Spotlight Interviews with Co-operators

Antony McMullen, Cooperative Development Expert

“Spotlight Interviews with Co-operators” is a series of interviews with co-operators from around the world with whom ILO officials have crossed paths during the course of their work on cooperatives and the wider social and solidarity economy (SSE). On this occasion, the ILO interviewed Antony McMullen, Cooperative Development Expert.

Article | 27 July 2021
Antony McMullen (sitting on the right)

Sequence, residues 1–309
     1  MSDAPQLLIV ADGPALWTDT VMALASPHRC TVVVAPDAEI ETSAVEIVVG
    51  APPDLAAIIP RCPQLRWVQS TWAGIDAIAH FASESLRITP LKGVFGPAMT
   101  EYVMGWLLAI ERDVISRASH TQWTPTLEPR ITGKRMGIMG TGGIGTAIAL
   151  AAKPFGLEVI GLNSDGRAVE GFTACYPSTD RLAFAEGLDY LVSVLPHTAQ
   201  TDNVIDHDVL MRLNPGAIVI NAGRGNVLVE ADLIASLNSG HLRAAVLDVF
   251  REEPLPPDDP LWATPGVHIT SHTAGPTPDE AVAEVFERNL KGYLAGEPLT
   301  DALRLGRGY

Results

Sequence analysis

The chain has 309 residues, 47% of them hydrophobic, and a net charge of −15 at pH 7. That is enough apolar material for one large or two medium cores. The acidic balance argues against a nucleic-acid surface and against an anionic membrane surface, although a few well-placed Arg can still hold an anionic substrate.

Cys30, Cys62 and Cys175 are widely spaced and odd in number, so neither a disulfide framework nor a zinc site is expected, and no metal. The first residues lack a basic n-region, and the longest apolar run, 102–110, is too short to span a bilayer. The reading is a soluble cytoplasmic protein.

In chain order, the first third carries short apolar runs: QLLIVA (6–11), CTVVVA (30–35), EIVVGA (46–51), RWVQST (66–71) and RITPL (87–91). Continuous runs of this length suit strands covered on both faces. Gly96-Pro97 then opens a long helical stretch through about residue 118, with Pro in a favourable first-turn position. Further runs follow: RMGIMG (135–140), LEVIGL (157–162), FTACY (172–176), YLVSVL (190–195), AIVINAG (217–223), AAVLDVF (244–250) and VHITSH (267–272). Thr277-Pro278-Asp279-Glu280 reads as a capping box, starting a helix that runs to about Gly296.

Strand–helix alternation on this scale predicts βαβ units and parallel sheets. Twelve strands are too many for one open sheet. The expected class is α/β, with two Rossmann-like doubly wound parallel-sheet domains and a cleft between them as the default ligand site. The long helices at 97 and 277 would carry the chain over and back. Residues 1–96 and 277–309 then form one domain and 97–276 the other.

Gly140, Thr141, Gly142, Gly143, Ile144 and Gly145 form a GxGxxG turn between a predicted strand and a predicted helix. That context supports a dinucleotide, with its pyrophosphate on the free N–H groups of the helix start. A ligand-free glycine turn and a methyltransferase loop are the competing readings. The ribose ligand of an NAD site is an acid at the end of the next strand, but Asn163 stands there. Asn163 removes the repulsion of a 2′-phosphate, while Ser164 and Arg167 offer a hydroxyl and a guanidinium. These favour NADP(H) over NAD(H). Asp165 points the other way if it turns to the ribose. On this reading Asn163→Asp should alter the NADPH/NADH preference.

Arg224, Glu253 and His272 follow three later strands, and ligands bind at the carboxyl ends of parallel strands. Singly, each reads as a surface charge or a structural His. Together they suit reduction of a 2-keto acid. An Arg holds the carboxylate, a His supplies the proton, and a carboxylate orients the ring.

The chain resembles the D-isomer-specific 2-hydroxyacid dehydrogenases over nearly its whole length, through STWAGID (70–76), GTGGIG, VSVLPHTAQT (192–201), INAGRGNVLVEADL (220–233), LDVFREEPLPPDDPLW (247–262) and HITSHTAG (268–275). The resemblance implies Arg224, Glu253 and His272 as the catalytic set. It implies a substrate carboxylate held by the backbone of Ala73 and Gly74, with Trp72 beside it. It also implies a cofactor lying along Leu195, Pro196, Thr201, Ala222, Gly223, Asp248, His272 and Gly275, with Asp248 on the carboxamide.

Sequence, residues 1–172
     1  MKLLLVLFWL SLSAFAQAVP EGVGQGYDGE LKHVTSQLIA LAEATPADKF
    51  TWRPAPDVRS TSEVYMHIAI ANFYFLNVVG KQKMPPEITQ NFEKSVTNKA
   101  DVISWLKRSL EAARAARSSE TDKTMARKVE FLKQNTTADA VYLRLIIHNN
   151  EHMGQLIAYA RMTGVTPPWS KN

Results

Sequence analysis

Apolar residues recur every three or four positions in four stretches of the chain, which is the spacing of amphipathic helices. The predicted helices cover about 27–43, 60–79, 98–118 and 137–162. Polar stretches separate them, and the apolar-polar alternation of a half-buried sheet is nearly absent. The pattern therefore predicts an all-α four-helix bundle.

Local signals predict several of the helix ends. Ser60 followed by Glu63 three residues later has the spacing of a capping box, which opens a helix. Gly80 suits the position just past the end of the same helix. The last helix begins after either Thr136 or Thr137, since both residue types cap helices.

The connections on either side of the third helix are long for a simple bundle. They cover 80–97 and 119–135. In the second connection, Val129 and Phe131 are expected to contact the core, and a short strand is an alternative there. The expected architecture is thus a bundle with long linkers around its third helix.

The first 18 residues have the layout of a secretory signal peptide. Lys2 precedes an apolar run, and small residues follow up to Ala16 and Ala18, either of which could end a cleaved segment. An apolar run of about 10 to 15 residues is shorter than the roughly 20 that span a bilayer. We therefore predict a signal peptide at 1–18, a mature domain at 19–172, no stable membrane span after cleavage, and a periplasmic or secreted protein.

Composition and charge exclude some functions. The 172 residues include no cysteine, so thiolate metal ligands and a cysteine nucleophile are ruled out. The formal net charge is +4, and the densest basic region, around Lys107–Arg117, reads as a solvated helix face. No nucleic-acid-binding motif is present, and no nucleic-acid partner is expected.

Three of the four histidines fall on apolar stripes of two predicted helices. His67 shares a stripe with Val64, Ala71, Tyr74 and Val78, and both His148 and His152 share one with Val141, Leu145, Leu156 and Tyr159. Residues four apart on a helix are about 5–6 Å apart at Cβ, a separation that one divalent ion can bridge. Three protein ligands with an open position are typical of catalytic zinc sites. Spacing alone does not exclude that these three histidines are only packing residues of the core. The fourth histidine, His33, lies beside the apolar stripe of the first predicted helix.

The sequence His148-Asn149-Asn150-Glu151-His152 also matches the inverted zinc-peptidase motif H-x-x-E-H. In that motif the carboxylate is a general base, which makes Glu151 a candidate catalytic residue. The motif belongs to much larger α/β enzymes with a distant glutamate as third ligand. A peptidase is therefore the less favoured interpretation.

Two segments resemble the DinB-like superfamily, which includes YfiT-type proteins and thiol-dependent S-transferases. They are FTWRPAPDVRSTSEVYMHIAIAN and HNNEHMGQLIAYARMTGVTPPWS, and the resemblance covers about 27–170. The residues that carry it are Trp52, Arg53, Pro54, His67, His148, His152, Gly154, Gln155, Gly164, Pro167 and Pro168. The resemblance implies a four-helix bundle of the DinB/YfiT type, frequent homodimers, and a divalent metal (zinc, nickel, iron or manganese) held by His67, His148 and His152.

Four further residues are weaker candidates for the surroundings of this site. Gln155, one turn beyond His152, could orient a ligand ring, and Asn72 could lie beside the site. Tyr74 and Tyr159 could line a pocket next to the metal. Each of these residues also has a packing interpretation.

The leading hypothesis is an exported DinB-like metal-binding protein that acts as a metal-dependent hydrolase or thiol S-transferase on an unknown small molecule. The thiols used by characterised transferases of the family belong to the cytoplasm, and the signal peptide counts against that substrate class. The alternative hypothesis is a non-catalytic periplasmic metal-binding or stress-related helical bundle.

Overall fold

Antony is an expert cooperative developer committed to building local prosperity for the common good. His passion for good governance is recognized through his designation as Fellow of the Governance Institute of Australia (formerly Chartered Secretaries Australia); he co-drafted the Business Council of Co-operatives and Mutuals (BCCM) Co-operative and Mutual Enterprise best-practice governance framework. He holds qualifications in social impact (social entrepreneurship), community development and cooperative leadership. Antony has helped develop and has co-founded several cooperatives, serving on c-operative boards as both Secretary and Chair, so he has a firsthand understanding of the benefits and challenges of the cooperative business model. He is the co-founder of the first cooperative co-working space in Melbourne - 888 Co-operative Causeway – which hosts regular social and solidarity economy events and even a podcast (The Co-operative Way). From 2017-2020 he was Secretary and co-founder of Co-op Incubator (an online community established to facilitate cooperative entrepreneurship). He is Co-convenor of the New Economy Network Australia (NENA) Co-operatives Sectoral Hub (along with Anthony Taylor of the BCCM). Antony has provided support to a range of cooperative start-ups (via the cooperative he co-founded and serves on as Secretary and Director – Co-operative Bonds) including: bHive; Cooperative Power Australia (CoPower); Earthworker Co-operative (also a member) (and Earthworker Co-ops Redgum Cleaners Cooperative and Earthworker Energy); and, ORICoop (also a member and serves on the Organic Farmers Bushfire Appeal sub-committee of the cooperative). Antony is a member of the Australian Services Union and Professionals Australia and is a Fellow of the Royal Society for the Encouragement of Arts, Manufactures and Commerce (RSA). He writes regularly on the social and solidarity economy (some of his articles can be found here).